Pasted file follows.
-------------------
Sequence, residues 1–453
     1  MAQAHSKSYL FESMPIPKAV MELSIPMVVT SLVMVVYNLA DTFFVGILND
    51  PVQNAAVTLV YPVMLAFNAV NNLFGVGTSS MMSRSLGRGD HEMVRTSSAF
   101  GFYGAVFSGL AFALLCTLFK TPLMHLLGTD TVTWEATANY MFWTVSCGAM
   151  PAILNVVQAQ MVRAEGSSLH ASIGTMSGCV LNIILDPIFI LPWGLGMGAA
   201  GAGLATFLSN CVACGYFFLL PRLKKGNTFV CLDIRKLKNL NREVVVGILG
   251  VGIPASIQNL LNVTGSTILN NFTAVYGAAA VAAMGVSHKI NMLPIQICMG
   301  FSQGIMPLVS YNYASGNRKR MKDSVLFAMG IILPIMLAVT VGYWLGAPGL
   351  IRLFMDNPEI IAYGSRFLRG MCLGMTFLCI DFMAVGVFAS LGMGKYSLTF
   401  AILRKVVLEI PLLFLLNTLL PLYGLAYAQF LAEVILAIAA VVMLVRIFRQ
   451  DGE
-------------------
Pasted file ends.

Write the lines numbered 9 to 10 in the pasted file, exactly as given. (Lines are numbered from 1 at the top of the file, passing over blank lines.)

   351  IRLFMDNPEI IAYGSRFLRG MCLGMTFLCI DFMAVGVFAS LGMGKYSLTF
   401  AILRKVVLEI PLLFLLNTLL PLYGLAYAQF LAEVILAIAA VVMLVRIFRQ